Historic Buildings & Places was founded as the Ancient Monuments Society (AMS) in 1924 by architect John Swarbrick. From its earliest days the Society had a broad scope of interest.
The Society was founded in Manchester and its early endeavours focused on the north-west of England, but it gradually branched out to take on a wider focus, including the historic environment in Wales. In 1968 the Society became a formal consultee in its role as a National Amenity Society.
Whether the ancient monument is a Roman camp, a Queen Anne house, or a neo-classical building of the early nineteenth century, they have all had their part in the history of this country, and, preserved, they all tend to diversify the monotony of modern life, and ought at all costs to be saved.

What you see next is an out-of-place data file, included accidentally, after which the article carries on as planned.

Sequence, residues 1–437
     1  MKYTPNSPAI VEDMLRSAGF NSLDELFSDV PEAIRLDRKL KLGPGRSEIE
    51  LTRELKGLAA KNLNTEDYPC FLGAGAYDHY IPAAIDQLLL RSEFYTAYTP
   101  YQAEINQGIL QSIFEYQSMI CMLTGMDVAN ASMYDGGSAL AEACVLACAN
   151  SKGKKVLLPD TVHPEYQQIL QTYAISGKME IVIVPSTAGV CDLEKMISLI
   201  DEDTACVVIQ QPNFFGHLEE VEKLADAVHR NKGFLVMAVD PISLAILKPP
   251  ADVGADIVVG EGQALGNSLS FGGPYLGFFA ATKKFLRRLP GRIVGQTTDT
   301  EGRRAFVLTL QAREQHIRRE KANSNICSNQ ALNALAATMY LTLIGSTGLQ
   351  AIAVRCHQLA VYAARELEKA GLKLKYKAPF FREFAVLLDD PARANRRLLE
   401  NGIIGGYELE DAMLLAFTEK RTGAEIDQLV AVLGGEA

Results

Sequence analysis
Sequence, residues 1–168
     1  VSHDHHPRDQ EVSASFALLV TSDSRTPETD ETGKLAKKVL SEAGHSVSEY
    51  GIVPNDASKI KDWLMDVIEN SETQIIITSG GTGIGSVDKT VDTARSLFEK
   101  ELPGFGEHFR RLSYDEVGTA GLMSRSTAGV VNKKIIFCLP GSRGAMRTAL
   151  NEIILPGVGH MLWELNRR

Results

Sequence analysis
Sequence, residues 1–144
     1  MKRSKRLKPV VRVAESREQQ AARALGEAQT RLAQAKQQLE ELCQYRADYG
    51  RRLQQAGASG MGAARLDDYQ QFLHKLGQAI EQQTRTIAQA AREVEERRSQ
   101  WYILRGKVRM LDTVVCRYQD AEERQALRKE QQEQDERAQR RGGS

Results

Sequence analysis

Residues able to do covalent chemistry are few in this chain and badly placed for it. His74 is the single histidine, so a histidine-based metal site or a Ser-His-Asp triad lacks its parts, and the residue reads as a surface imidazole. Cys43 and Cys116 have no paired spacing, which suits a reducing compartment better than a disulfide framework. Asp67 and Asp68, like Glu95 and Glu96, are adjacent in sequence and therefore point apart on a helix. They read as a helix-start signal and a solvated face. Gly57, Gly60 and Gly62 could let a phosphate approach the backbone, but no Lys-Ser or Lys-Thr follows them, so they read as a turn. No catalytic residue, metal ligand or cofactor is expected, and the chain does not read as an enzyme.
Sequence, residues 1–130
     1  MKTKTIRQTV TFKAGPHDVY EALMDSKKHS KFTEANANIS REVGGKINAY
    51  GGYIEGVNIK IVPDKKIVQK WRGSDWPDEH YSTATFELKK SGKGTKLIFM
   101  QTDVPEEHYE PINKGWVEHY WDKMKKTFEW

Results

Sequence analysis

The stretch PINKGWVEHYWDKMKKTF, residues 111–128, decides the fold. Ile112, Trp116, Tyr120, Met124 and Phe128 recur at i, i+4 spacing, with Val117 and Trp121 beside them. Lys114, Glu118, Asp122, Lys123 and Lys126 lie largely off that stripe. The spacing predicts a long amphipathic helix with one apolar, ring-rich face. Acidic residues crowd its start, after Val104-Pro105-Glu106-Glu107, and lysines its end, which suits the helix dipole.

Professor Thomas Frederick Tout
Why 'Ancient Monuments Society'?
Throughout its history, the Society has taken a broad interest in heritage, as demonstrated by the range of casework it continues to review and comment on. Following the adoption of the 1979 Ancient Monuments and Archaeological Areas Act, the name Ancient Monuments Society ceased to describe what the Society does on a day-to-day basis. In October 2021 Trustees of the Society decided to adopt ‘Historic Buildings & Places’ as the working name of the organisation, along with a new Mission, Vision & Values, to add greater clarity.